While Gilbert’s references to Black jazz and soul musicians are abundant, the speakers of Gilbert’s poems also function as collaborators in the music of this landscape with their rhythm, voice, and sense of time. In “Listening to Monk’s Mysterioso I Remember Braiding My Sisters’ Hair,” Gilbert contextualizes Monk’s playing with the image of his sisters braiding their hair and likens it to a “knowing which makes the world / a continuity. As in your core / something calls to you / at a distance which does not matter.” This knowing, this sense of connectivity to the world, is what Gilbert writes so generously and with so much capacious listening. In “Time with Stevie Wonder in It,” Gilbert meditates on how a poem’s relationship to time can render it something altogether more meaningful: “If this were just a poem there would be a timelessness— / the punchclock Midwest would go on / ticking, the intervals between ticks / metaphor for the gap in our lives / and in that language which would not / carry itself beyond indifferent / consequences . . . The beauty of the word, / though, is the difference between language / and the telling made through use.”


Lauren Turner is a writer and musician in Nashville, Tennessee, where she plays music solo (Lou Turner) and in the band Styrofoam Winos. Shape Note Singing (Vegetarian Alcoholic Press) is Turner’s debut chapbook of poems and an essay. She is an MFA candidate in poetry at Randolph College’s low-residency program.

Bianca Stone. What Is Otherwise Infinite. Tin House Books, 2022. 125 pages.

Reviewed by Christopher Gaumer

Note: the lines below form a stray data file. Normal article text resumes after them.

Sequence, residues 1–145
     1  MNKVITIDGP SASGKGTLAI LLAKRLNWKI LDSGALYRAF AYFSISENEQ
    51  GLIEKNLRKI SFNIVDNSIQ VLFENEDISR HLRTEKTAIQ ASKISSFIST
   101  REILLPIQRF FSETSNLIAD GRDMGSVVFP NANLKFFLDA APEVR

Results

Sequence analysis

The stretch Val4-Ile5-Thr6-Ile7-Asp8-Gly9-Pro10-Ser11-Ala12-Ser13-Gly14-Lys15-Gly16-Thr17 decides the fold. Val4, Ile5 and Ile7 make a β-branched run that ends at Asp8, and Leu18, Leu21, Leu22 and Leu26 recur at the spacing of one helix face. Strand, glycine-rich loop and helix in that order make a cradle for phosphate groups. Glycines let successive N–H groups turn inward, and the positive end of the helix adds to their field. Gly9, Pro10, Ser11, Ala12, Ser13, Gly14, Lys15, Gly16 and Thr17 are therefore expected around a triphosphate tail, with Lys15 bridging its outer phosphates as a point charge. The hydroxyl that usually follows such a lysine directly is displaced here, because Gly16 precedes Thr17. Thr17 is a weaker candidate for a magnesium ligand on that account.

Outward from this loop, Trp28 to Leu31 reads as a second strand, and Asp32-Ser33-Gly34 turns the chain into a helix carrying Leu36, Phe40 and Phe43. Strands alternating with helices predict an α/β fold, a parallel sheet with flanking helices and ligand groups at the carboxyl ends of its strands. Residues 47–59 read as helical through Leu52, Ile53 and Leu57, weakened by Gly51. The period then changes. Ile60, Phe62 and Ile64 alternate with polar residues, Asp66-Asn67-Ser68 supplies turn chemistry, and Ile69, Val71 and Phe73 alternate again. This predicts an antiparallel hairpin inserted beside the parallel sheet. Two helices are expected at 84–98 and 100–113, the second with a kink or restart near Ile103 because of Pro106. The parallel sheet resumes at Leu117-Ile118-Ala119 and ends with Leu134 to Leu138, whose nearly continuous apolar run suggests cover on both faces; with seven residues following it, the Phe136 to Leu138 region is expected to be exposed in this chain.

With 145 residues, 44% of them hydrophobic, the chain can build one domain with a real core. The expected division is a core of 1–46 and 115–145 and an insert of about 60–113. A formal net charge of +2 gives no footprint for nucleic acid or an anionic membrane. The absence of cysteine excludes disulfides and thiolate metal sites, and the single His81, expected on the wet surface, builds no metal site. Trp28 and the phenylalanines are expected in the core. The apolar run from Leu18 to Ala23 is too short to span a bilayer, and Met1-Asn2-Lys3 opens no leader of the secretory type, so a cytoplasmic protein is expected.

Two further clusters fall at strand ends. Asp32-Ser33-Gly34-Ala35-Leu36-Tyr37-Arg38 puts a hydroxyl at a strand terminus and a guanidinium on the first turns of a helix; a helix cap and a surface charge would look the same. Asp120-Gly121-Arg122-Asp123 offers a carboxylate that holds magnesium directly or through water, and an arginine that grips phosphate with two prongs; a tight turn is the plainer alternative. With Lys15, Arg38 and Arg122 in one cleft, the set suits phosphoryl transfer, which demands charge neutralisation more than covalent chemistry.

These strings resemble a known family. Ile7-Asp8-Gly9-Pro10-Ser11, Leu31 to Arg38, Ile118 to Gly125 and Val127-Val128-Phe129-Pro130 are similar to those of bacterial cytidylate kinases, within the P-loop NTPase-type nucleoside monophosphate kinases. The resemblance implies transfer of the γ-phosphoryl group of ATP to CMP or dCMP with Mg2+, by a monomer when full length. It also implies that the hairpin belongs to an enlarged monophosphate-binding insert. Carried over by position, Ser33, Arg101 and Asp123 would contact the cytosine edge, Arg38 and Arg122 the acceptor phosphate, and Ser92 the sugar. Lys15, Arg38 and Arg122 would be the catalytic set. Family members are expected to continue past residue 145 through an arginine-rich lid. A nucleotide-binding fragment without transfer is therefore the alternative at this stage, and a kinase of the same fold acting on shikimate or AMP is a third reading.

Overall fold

One essential appeal of Bianca Stone’s poetry is her ravenous attention to the minuscule. In Stone’s excellent poetry collection, What is Otherwise Infinite, nothing escapes the author’s perspective, unless she allows it. Such control permits motifs—motherhood, grief, addiction, and others—to hum off the page: “Now / when I bite into / the tied-off end / of a sausage / it reminds me / of her umbilical cord. / As the eyes / of the mice / in my kitchen / remind me of her eyes” (“The Infant’s Eyes”).

Stone’s new book follows two other poetry collections with Tin House Books, Someone Else’s Wedding Vows and The Möbius Strip Club of Grief. There are distinct through lines between the books—unexpected laughs, occasional nods to Star Trek, and the phrase “someone else’s,” which gets repurposed for the final lines of “Routine”: “I sit in the lobby of someone else’s potential / thinking it’s my own. / I go about my day / convinced I am immortal.” Here, Stone commands metaphor to elevate an event into the world of ideas, seemingly beyond even the poet’s vision.

Such is the experience of What Is Otherwise Infinite, and the result is an ever-expanding series of images, lyrics, and narratives. Even for subject matter that could translate as sadness, there is pleasure in sadness articulated with clarity. That is vantage point, earned and intuitive. If Bianca Stone and a hundred other humans witness the same event, it is Stone’s version you want to read. She’s that particular, that powerful.


Christopher Gaumer’s writing appears in The Rumpus, McSweeney’s, The Southern Review, Best Microfiction 2019, and elsewhere. He won the 2019 Poetry Society of Vermont’s National Poetry Prize and is the MFA Assistant Director at Randolph College, where he also serves as Managing Editor of Revolute magazine.